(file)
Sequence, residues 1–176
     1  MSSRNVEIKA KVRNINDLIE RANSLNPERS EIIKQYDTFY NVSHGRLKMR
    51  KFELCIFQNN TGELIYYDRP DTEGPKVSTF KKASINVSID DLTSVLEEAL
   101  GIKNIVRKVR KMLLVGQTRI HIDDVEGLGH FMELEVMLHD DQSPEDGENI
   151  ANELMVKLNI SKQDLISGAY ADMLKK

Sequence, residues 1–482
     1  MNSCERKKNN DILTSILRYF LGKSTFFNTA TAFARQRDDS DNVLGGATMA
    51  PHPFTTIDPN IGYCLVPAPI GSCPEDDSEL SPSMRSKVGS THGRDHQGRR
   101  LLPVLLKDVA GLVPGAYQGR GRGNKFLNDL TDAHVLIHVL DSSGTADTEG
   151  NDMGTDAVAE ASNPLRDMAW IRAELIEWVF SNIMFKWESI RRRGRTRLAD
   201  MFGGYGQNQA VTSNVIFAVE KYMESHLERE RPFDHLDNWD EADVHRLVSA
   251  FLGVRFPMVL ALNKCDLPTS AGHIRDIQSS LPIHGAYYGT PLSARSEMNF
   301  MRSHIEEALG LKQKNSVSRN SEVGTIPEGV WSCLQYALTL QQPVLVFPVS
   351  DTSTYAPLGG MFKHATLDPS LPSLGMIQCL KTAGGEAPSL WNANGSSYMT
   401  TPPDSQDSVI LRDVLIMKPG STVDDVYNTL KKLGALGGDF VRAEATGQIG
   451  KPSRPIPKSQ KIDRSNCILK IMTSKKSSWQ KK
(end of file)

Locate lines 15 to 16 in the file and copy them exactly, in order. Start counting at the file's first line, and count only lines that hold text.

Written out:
   401  TPPDSQDSVI LRDVLIMKPG STVDDVYNTL KKLGALGGDF VRAEATGQIG
   451  KPSRPIPKSQ KIDRSNCILK IMTSKKSSWQ KK